It’s also really interesting, because I’m realising how reactionary his character is. For most of the story he’s a voice on the end of a phoneline (my heroine’s on the run, so her interactions with him are limited). He doesn’t do anything unless it coincides with her actions. Now I’m filling in the gaps and realising that he’s not really sitting around waiting for instructions. Not only does he have his own life and agenda, but his actions can shape the plot and make it a lot more rounded than it was before.

    My general rule of thumb for working out whether a story should be 1st or 3rd is how I hear it in my head. When I think about the characters, am I thinking “She did this” or “I did this”? I’ve started off the wrong way before and it’s like playing on an out-of-tune piano. The tune’s there but it sounds all wrong.

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  4. I love that adding your hero’s POV is teaching you all kinds of stuff about him, Kate, which makes your plot more rounded. It sounds like the process is making his POV necessary, and giving him more at stake. Which is exactly right, and very exciting.

    I sometimes “hear” my characters in that way, too, either speaking directly, or through a third-person filter. But being me, I do need to spend some time thinking about why I’ve subconsciously made that decision.

    It’s true, too, that if you get the POV wrong for whatever reason, the story just won’t work properly. Sometimes it’s because it’s third and should be first, or vice versa, but it can also be that the viewpoint character for that particular scene should be someone else. I’ve written third-person scenes that fell flat, until I tried rewriting them from the other character’s (3rd person) POV, and the whole thing suddenly had more depth and conflict.

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  5. Also, I don’t think I meant ‘reactionary’ there. I meant someone who reacts rather than acts. I know there’s a word for it somewhere…

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  6. Great post, thanks. Perhaps exploring my hero’s POV will help me flesh him out further … Some time I would love to hear words of wisdom on creating good heroes …
    By the way Julie are you aware that Robert Downey Jnr is in London today? What a pity he couldn’t have been around on the day of your lunch (glad it was fun!)
    Kate, is the word you want ‘reactive’? As opposed to responsive …
    Am about to order GAWT on Amazon, can’t wait!

    Reply

  7. I know! The Downey has been in London for a little while, now. I keep on missing him. Rotten luck…

    Creating good heroes would be a good blog post. I’ll put that in my stack of to-be-blogged. Thanks, Queen.

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  8. Perfect timing, just grappling with POV in second draft, chapter four and you have resolved it for me. It is written from the POV of the person with the most at stake – so go that right – and I have even thought of a way of linking it with the heroine and her POV, seamless! (Well, getting there) Thanks a million. (Love the website, it is a pleasure to navigate and have just ordered Getting Away With It from Amazon)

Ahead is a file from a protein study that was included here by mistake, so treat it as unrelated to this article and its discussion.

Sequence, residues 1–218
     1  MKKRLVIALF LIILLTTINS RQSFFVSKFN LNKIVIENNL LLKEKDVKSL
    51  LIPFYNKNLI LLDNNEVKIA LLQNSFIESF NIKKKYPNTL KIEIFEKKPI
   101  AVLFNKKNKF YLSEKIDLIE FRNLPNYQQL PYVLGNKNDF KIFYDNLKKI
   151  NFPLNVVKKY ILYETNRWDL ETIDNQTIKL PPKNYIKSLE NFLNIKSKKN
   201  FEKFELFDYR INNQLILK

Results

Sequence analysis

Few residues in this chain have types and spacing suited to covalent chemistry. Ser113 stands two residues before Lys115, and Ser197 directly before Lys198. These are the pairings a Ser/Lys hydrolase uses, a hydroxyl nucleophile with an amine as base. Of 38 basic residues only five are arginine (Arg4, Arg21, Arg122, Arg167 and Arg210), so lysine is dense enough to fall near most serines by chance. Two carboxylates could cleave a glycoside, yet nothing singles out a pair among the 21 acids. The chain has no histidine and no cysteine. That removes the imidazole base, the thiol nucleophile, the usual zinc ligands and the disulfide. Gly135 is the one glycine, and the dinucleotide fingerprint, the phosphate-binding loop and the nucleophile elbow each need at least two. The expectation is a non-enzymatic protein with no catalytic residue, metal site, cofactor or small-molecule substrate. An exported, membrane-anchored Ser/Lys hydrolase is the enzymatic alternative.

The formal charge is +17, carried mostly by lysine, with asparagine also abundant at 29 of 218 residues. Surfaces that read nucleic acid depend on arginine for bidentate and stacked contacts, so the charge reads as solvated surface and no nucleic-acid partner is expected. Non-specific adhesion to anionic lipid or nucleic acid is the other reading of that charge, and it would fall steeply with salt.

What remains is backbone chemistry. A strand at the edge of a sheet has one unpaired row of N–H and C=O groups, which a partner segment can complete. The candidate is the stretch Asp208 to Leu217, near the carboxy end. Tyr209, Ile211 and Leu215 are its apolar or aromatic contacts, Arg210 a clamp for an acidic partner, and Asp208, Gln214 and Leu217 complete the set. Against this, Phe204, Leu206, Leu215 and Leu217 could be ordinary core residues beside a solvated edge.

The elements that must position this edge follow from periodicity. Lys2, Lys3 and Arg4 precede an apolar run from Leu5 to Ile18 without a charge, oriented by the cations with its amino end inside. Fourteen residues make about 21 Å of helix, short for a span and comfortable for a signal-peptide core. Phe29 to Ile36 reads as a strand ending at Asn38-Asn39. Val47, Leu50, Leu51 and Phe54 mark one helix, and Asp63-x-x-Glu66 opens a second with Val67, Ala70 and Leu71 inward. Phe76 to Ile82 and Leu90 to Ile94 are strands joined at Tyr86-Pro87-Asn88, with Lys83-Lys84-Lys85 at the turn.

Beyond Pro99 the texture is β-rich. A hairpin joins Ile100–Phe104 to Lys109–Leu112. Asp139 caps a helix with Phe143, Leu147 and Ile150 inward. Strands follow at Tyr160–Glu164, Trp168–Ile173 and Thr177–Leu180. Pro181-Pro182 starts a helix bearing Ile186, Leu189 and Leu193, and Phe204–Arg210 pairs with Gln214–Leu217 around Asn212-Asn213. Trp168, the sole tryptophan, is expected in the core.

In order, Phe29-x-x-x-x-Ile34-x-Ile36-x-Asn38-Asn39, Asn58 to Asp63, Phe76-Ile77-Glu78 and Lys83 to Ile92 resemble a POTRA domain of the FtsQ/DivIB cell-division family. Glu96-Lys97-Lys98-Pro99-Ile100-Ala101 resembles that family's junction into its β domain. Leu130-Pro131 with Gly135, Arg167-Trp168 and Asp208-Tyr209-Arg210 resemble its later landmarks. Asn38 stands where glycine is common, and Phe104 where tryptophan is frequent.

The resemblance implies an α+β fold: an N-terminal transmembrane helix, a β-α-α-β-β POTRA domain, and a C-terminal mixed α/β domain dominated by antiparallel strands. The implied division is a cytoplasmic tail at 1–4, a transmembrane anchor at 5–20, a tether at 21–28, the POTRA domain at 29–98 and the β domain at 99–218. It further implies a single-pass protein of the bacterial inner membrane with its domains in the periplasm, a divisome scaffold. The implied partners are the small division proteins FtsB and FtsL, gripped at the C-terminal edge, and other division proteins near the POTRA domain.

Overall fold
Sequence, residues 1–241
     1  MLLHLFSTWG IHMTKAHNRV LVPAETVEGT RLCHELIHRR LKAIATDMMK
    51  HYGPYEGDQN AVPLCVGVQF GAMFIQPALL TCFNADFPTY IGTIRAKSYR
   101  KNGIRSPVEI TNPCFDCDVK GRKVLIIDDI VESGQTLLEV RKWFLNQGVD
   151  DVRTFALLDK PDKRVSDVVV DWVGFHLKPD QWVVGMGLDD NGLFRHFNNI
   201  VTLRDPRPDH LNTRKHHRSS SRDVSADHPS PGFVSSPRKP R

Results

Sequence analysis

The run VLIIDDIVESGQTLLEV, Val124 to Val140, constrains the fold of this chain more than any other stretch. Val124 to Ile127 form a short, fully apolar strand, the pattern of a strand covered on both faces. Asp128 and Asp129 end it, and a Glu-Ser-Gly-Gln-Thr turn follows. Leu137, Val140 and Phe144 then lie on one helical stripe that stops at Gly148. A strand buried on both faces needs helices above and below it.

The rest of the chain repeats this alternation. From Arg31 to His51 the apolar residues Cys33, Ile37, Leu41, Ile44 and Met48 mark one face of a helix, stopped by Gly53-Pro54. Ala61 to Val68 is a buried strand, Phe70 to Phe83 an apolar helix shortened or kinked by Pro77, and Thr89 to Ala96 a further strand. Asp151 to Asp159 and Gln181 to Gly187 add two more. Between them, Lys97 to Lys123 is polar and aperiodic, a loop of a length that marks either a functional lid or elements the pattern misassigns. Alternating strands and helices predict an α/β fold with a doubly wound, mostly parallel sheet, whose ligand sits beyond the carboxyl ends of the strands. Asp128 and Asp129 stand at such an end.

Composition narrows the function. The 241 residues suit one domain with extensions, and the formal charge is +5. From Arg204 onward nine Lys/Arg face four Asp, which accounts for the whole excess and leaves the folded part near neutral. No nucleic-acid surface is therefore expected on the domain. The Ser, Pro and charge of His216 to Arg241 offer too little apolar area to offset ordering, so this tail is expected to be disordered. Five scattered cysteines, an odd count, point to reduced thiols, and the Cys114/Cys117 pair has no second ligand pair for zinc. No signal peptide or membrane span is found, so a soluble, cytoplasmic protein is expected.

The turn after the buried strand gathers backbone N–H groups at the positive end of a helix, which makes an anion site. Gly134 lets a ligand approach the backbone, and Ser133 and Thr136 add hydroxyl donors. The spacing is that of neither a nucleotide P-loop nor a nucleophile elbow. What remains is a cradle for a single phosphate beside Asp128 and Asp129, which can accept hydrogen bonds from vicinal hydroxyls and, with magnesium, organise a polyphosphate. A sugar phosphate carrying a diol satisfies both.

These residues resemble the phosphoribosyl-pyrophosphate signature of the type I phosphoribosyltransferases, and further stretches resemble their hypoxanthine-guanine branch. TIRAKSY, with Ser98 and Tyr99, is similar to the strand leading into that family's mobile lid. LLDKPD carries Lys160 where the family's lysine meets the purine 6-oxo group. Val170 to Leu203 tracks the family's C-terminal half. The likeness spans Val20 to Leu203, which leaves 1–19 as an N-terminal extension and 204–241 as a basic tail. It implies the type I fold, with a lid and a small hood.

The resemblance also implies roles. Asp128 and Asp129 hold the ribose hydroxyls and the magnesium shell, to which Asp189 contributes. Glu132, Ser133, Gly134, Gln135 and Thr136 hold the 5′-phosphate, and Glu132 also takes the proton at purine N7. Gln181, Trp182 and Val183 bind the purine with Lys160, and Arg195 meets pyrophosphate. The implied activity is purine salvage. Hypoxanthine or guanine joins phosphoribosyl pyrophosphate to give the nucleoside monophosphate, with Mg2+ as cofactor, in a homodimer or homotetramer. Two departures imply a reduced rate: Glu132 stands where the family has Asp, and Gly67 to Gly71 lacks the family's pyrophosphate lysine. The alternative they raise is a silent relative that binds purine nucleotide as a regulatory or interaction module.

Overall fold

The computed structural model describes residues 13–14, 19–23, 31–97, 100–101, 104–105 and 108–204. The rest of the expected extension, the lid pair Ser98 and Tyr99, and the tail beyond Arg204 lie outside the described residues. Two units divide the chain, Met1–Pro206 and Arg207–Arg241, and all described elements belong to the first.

Reply

  9. Very useful insight – the POV issue is always a tricky one, especially for a novice like me. Thanks a lot :)

    Reply

  10. Excellent, glad I could help, Adrienne and Sheila! And thanks for the compliment on my spanking new website. I hope you enjoy Getting Away With It. :-)

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  11. You’re fabulous Julie. Did you know that? Well you are! Thanks for the post!

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  12. Hey Julie, a craft post! How exciting!

    I read a book on writing once which talked about 1st and 3rd person, and mentioned the very very few books successfully written in 2nd person, but didn’t say what these were! Have you ever heard of any?

    Jx

    PS: Are you watching X-Factor? Is Wagner actually RDJnr in disguise? The truth is out there.

    Reply

  13. The only 2nd person novels I’ve really enjoyed have been the “Choose Your Own Adventure” books. They were great.

    Anyone else have any ideas?

    I’ve never seen X-Factor, but I certainly hope you’re wrong.

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  14. This is really helpful, thanks Julie! In the novel I’m writing for NaNoWriMo I’ve decided to go without the hero’s POV because I think it’ll make him more intriguing but in my first novel I’m dithering over whether to get rid of the Hero’s POV or keep it in. He’s not a tradtional hero but he deeply loves the heroine. It’s jus that he doesn’t always show it. I’m not sure that I can show his true feelings through actions alone. Any advice? I’m writing in third person. Thanks, Lisa x

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  15. Hi Julie,

    I always love it when you do craft posts. They’re so inspiring!

    So the age old discussion on POV is head hopping. I’ve recently read some debut category romance authors who jump in and out of the h and H’s POV within the same scene very frequently. It’s been done well, so again down to the execution of it, but I would love it if you could reiterate your opinion on this.

    I haven’t spotted the Downey either, but did have a rather nice Johnny Depp sighting when he was filming in Greenwich (right at the part of the University the RNA conference was).

    Reply

  16. […] been sent about point of view. First, though, if you haven’t read my previous posts, this one is about what point of view is, and this one is about how I’ve chosen the points of view for my […]

    Reply

  17. Lisa and Carol, I’ve tried to answer your questions in a new post, here:

    http://www.julie-cohen.com/blog/2010/11/16/point-of-view-3/

    Reply